OLORON-SAINTE-MARIE, a town of south-western France, capital of an arrondissement in the department of BassesPyrenees, 21 m. S. W. of Pau on a branch of the Southern railway. It lies at the confluence of the mountain torrents (locally known as gaves) Aspe and Ossau, which, after dividing it into three parts, unite to form the Oloron, a tributary of the Pau. The united population of the old feudal town of Sainte-Croix or Oloron proper, which is situated on an eminence between the two rivers, of Sainte-Marie on the left bank of the Aspe, and of the new quarters on the right bank of the Ossau, is 7715. Oloron has remains of old ramparts and pleasant promenades with beautiful views, and there are several old houses of the 55th, 16th and 17th centuries, one of which is occupied by the hotel de ville. The church of Sainte-Croix, the building of most interest, belongs mainly to the 11th century; the chief feature of the exterior is the central Byzantine cupola; in the interior there is a large altar of gilded wood, constructed in the Spanish style of the 17th century. The church of Sainte-Marie, which formerly served as the cathedral of Oloron, is in the old ecclesiastical quarter of Sainte-Marie. It is a medley of various styles from the 11th to the 14th century. A square tower at the west end shelters a fine Romanesque portal. In the new quarter there is the modern church of Notre-Dame. Remains of a castle of the 14th century are also still to be seen. Oloron is the seat of a sub-prefect, and its public institutions include tribunals of first instance and of commerce, and a chamber of arts and manufactures. It is the most important commercial centre of its department after Bayonne, and carries on a thriving trade with Spain by way of the passes of Somport and Anso.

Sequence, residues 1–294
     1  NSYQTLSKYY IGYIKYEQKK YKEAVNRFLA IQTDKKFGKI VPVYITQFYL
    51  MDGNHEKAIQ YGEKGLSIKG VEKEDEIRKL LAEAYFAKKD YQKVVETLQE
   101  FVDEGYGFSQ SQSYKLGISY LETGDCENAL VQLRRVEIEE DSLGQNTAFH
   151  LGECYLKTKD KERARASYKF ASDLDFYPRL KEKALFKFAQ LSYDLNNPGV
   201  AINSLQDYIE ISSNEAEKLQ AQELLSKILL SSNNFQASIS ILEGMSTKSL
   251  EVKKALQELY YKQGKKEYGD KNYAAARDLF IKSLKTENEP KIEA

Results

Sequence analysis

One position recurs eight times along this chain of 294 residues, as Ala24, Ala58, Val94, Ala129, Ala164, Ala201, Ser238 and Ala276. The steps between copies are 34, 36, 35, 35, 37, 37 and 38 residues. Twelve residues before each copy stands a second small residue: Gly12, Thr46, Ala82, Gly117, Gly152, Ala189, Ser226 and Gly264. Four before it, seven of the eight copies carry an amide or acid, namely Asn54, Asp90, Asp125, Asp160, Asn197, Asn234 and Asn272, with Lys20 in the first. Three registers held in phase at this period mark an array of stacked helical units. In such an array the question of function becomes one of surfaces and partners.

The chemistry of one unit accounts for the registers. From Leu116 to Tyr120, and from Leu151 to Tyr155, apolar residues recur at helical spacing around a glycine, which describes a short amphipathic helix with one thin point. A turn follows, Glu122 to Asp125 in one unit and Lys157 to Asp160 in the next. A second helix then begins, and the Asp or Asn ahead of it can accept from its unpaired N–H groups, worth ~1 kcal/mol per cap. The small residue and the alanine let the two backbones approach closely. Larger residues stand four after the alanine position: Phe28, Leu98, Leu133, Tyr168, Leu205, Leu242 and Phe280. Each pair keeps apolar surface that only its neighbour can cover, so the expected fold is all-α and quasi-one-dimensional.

A Celtiberian and then a Gallo-Roman town, known as Iluro, occupied the hill on which Sainte-Croix now stands. Devastated by the Vascones in the 6th and by the Saracens in the 8th century, it was abandoned, and it was not until the 11th century that the quarter of Sainte-Marie was re-established by the bishops. In 1080 the viscount of Beam took possession of the old town. The two quarters remained distinct till the union of Beam with the crown at the accession of Henry IV. At the Reformation the place became a centre of Catholic reaction. In the 17th century it carried on a considerable trade with Aragon, until the Spaniards, jealous of its prosperity, pillaged the establishments of the Oloron merchants at Saragossa in 1694 - a disaster from which it only slowly recovered. The bishopric was suppressed in 1790.
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